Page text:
Feb. 3, 2014

NBAA has prepared an overview of the changes and clarifications made in the Reduced Vertical Separation Minima (RVSM) authorization inspector guidance announced by the FAA in January 2014.

The new guidance clearly defines three RVSM authorization elements:

  • RVSM-Compliant Aircraft
  • RVSM-Approved Maintenance Program
  • RVSM-Knowledgeable Pilots

While the original authorization process addressed all three of these concepts in general terms, the new version of the guidance specifically identifies and defines them as separate and distinct required elements of an authorization in order to establish each element’s portability from a previous FAA review.

For example, the new guidance has added language that indicates that once the FAA has reviewed a specific aircraft and determined that it is an “RVSM-Compliant Aircraft,” any subsequent RVSM authorization update or application can be based on the previous review, even if it was for another operator, so long as no modifications have been made to that aircraft that would change its status as an RVSM-Compliant Aircraft and no other information is provided or comes to light that calls into question the status of the aircraft as an RVSM-Compliant Aircraft with respect to the new applicant.

Similarly, the previous requirement that an RVSM maintenance program must be operator-specific has been removed. This opens the door for multiple operators to follow the same approved program and no longer have to seek approval of their own unique programs at time of application. As well, once the FAA has determined that an operator’s pilots are knowledgeable of RVSM operations and procedures for the types of operations that are being conducted, there is a portability of that knowledge to subsequent RVSM authorization changes for those same types of operations.

RVSM Decision Matrix

With these three defined and portable concepts in place, an RVSM decision matrix was then created and added to the guidance to define the various types of changes and authorization reviews required for RVSM. The RVSM Authorization Elements are key to navigating the streamlined process which is outlined in this matrix as it allows the FAA inspectors to more efficiently direct their attention to only those elements that actually require new or additional review.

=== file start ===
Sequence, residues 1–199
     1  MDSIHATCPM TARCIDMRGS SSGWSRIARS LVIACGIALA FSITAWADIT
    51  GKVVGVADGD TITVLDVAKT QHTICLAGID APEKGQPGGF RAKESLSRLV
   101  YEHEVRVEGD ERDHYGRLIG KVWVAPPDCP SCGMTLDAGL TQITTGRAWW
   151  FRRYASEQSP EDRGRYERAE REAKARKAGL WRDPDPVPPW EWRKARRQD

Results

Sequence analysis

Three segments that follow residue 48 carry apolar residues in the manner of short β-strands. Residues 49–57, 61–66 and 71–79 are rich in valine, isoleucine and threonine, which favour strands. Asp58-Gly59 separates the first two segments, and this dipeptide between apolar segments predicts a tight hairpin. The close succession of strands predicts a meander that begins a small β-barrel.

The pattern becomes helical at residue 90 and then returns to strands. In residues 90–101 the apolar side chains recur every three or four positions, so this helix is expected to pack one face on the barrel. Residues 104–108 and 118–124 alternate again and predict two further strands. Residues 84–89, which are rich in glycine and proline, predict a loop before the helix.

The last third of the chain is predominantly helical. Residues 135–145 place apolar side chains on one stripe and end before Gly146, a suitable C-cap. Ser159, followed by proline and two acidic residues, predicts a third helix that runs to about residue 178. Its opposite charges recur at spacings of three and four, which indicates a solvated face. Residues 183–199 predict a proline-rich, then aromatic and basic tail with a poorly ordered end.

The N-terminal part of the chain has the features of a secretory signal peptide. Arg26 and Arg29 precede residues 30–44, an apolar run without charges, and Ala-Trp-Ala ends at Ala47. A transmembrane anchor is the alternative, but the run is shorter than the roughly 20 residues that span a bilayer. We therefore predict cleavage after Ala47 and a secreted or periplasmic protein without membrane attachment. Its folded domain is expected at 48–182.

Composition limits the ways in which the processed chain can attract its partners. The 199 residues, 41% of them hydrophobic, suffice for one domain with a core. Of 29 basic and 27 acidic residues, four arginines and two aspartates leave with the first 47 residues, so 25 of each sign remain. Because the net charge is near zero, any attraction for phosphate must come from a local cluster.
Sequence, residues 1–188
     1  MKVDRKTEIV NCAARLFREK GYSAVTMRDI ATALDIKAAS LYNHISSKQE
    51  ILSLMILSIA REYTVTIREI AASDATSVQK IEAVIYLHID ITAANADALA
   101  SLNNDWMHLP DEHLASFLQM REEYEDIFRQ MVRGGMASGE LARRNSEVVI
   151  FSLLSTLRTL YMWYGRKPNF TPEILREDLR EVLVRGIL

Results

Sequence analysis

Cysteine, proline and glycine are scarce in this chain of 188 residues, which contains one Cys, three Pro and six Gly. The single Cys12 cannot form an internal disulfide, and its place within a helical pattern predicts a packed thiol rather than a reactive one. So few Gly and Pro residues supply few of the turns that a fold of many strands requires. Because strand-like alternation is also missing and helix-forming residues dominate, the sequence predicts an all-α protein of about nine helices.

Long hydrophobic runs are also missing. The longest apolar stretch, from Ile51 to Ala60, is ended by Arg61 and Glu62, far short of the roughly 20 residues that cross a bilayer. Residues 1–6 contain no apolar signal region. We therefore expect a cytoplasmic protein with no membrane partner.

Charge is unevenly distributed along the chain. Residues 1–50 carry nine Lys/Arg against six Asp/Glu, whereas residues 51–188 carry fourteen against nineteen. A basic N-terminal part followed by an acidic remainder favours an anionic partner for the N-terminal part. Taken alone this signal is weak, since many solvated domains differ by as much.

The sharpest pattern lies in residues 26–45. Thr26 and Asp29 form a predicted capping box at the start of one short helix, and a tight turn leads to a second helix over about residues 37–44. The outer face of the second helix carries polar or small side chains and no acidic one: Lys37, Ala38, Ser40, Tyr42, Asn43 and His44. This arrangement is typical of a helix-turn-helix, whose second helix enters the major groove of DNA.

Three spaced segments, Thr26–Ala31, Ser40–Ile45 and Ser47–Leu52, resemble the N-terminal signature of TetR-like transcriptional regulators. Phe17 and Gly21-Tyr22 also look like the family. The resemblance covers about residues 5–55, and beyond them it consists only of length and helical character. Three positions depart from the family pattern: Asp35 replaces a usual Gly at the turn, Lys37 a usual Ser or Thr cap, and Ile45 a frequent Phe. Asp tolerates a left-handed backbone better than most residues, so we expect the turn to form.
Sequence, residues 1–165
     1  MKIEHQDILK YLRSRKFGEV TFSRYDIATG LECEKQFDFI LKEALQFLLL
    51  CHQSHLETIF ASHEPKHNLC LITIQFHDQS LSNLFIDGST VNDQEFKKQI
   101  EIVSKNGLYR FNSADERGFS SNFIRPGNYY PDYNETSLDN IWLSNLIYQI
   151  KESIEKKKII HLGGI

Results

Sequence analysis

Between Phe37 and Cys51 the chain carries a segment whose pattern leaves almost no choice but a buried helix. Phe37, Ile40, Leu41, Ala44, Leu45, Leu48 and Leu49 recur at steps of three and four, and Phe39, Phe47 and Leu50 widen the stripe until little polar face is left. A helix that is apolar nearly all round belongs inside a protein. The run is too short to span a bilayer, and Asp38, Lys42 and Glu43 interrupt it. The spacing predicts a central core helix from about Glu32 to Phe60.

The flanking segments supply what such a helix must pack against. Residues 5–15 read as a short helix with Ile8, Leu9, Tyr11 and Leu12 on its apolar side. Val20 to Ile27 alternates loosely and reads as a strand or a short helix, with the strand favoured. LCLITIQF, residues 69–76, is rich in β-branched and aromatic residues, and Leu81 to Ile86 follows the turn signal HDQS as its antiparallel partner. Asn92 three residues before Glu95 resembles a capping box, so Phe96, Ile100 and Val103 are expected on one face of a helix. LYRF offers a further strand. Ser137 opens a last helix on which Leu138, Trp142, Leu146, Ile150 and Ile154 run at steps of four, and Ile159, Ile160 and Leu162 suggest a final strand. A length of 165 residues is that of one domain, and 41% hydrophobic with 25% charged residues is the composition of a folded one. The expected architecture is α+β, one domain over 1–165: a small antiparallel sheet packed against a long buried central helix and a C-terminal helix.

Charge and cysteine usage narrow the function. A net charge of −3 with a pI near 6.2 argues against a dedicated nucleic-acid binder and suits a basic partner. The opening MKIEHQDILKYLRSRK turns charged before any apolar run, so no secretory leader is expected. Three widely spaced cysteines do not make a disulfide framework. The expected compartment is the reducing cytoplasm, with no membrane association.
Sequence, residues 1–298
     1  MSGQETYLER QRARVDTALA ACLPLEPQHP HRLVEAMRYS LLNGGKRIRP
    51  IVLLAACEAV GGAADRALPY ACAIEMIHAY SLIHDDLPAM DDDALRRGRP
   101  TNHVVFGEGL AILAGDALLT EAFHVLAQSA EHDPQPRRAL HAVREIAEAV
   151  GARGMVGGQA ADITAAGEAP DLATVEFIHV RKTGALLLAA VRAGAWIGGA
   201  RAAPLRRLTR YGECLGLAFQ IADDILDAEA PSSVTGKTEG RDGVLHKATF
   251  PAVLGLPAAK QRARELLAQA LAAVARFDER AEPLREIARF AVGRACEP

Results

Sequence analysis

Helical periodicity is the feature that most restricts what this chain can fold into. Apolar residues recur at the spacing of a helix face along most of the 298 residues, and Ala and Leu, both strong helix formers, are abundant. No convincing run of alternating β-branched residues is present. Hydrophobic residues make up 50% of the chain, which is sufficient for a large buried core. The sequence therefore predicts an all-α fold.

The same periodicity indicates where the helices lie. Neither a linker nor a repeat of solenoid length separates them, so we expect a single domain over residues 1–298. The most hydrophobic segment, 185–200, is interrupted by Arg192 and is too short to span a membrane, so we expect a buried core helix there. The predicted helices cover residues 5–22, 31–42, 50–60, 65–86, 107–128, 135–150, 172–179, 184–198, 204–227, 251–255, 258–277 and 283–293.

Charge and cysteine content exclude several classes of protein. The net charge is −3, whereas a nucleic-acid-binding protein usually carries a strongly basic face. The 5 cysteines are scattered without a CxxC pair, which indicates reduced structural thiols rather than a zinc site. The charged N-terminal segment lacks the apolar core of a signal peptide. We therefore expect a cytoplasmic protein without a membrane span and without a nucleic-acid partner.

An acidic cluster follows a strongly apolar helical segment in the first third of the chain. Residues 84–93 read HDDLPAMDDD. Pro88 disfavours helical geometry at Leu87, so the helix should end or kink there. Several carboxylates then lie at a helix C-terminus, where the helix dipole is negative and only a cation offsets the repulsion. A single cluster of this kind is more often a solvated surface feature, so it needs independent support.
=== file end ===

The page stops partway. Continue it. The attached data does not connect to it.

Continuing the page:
The matrix creates three authorization groups, and then provides the following information for each:

  • examples of requested action/nature of changes applicable to that authorization group
  • applicable steps and information required from the applicant for the requested action/change
  • applicable procedures to be followed by the FAA office and inspectors

The three authorization groups are defined as follows:

  • Authorization Group 1 – RVSM Authorization Amendments
    Changes applicable to this group are considered to be administrative in nature only, such as a tail number change on a given aircraft, changes to a given operator’s designated responsible person or RVSM point of contact, or changes to the primary business address of an operator. Assuming the applicant has provided the appropriate information, these types of changes should generally be made by the FAA very quickly as they do not require a re-review of the underlying authorization elements.
  • Authorization Group 2 – RVSM Authorization Based on One or More Existing Approved RVSM Authorization Elements
    Authorizations in this group are considered to be new authorizations and the applicant relies on one or more previously approved authorization elements (i.e., RVSM-Compliant Aircraft, RVSM-Approved Maintenance Program or RVSM-Knowledgeable Pilots). Once again, assuming the applicant has provided the appropriate information, these types of changes should require less processing time by the FAA as the FAA will be able to rely on the commonality of the different elements that have been previously reviewed and accepted by the same or other FSDO’s.
  • Authorization Group 3 – RVSM Authorization Not Based on One or More Existing RVSM Authorization Elements
    Authorizations in this group will not rely on any previously approved RVSM authorization elements. Authorization changes or new authorizations not able to be categorized in Groups 1 or 2 will be considered Group 3, and all three elements – RVSM-Compliant Aircraft, RVSM-Approved Maintenance Program and RVSM-Knowledgeable Pilots – will be reviewed. This category will generally take the same amount of time for review as was previously required, although the hope is that by having the tools afforded in authorization Groups 1 and 2, the entire process will take less time, thus also speeding up the process time for Group 3 reviews as well.